Our interpretation of Knowledge includes both the intellectual and the intuitive. In pursuit of intellectual knowledge, leaders are eager to learn and are committed to building knowledge in a variety of domains, including finance, operations, technology, etc. They present evidence that they are serious about that commitment. They devote scheduled time to building both industry and company knowledge, and they approach this inquiry with curiosity and sincere interest. They accept that Knowledge comes from many sources and unlikely places—from a variety of employees and a number of experiences. Most important, they are also students of leadership as a profession, and they invest time and resources into building their competence as a leader.

Regarding intuitive knowledge, well-rounded leaders embed practices that allow them to hear their own inner wisdom, and they use their intuition as a trusted guide. Self-knowledge plays an important role in their intuition and their leadership delivery. They work to combine all knowledge and knowingness in a way that informs holistic and creative decision-making.



We use a broad interpretation of listening to include hearing ourselves, hearing one another, and hearing the world at large. Following Mark Nepo’s Seven Thousand Ways to Listen, we hold that listening is sacred and it beckons us to a deeper knowing and understanding of ourselves and others. We believe that the traditional concept of listening is the foundation for human connection, and it requires respect, presence, self-discipline, commitment, and practice. Listening goes beyond the intellectual, and acknowledges cues that are revealed throughout and even before the interaction. The ability to listen helps the leader know how to speak to drive organizational focus and manage performance.

Listening allows us to more intimately know the strengths and weaknesses of others, and it provides data to help us determine progress both in their development and in our own. Leaders who ignite true power seek counsel and understand when to listen rather than speak. They know that listening forms the foundation for their leadership language.

Effective leaders welcome feedback about their blind spots and they help create a culture where being listened to is expected.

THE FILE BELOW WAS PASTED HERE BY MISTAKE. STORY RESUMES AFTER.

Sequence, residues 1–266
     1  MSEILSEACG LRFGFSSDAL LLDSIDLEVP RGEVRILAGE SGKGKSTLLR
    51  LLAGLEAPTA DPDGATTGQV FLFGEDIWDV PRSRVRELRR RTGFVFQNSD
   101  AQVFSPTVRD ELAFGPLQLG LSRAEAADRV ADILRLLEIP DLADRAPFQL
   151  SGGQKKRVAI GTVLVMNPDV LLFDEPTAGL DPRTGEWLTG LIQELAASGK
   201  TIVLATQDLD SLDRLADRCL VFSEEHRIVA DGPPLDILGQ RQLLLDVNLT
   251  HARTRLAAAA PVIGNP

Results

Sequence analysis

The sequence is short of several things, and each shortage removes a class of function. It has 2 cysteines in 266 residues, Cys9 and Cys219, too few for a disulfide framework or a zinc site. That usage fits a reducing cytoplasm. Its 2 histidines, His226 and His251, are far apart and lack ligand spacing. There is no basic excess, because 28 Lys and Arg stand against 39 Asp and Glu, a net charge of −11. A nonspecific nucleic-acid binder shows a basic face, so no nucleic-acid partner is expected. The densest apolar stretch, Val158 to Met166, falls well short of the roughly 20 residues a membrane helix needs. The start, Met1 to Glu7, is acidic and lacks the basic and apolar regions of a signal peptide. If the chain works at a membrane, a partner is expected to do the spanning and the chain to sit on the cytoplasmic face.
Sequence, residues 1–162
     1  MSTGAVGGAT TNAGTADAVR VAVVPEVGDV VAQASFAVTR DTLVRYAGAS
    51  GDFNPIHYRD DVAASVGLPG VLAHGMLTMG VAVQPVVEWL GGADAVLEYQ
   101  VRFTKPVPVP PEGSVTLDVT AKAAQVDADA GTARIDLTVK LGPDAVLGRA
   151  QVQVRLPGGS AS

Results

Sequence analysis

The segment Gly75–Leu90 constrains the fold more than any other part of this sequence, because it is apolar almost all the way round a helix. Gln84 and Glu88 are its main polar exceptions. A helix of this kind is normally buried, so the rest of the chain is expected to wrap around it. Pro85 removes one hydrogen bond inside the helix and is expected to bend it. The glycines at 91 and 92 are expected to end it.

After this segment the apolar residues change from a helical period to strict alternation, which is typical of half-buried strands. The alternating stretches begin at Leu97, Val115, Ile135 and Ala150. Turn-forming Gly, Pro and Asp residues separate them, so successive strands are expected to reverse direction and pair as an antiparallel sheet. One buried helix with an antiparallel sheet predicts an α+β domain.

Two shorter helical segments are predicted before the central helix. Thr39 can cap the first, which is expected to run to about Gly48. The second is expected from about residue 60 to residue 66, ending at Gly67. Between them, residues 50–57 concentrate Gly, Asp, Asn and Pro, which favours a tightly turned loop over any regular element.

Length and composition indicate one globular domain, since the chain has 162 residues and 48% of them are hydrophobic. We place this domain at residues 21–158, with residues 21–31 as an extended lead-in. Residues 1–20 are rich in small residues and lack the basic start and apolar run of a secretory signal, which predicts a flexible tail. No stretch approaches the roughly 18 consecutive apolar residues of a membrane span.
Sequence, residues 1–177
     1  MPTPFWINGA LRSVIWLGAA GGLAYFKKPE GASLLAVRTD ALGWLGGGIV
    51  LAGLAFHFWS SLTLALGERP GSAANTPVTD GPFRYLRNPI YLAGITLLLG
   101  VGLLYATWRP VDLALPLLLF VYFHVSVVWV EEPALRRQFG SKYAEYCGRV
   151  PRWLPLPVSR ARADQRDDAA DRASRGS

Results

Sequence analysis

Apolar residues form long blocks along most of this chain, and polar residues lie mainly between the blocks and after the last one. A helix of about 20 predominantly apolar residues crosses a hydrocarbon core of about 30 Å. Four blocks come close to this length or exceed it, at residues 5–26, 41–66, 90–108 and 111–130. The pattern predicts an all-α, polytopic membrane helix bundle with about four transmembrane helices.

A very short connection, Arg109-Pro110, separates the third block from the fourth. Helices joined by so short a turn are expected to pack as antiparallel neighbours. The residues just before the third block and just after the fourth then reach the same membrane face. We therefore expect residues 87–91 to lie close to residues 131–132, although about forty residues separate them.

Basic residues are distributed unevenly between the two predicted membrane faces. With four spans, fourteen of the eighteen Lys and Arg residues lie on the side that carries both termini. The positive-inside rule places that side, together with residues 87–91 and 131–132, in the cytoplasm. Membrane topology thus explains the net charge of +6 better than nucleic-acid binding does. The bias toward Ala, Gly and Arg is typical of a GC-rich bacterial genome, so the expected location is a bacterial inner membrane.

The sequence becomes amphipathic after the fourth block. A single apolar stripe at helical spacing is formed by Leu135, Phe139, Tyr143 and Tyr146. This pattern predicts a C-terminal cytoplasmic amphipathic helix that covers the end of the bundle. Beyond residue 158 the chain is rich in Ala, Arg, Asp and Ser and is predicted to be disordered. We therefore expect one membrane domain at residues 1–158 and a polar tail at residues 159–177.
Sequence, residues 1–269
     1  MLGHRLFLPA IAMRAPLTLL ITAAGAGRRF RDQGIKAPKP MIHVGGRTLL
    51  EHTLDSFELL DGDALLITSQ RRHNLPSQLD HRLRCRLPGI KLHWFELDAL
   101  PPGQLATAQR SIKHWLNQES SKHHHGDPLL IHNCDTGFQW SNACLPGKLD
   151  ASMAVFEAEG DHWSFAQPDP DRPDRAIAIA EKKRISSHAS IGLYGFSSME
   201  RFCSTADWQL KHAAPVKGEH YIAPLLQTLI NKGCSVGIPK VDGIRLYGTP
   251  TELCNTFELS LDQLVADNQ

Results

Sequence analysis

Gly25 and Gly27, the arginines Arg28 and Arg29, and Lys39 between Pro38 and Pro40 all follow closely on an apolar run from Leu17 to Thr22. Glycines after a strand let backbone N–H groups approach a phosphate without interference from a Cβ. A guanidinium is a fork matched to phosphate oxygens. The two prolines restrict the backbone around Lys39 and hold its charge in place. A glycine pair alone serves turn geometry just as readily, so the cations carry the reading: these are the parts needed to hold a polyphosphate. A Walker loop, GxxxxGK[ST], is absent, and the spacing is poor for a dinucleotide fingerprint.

When leaders listen to their people and to the world, they leverage all human, physical, and financial assets synergistically. They listen with their whole selves to what is being said and what is not being said; they incorporate an understanding of the impacts of character, culture, and society. They can maximize moments by being completely present—skillfully resisting the temptation to continuously multi-task and reject the now. They honor the role of the figurative or literal “talking stick,” and they grant it freely.



We hold that optimism is the expression of a belief in possibility, breakthrough, and potential. It is rooted in the conviction that we can move trajectory and circumstances, and design desired outcomes. Optimism injects an energy of positivity, curiosity, and imagination that encourages employees to believe in their individual power to create and manage their futures. Optimism inspires bigger dreams and the action to support those dreams which, in turn, facilitates a productive mood and a positive morale.

Optimism fuels hope and supports resilience. At the same time, optimistic leaders do not ignore reality as part of true optimism—quite the contrary, they articulate hard facts and possible outcomes. However, they believe in the power of declarations, and they know that there are always opportunities to be seized in even the most challenging of times. They reject the fear that limits action and possibilities, and focus on the desired outcome. Most of all, optimistic leaders bring a sense of humor and playfulness to work. They take their work seriously, but never themselves.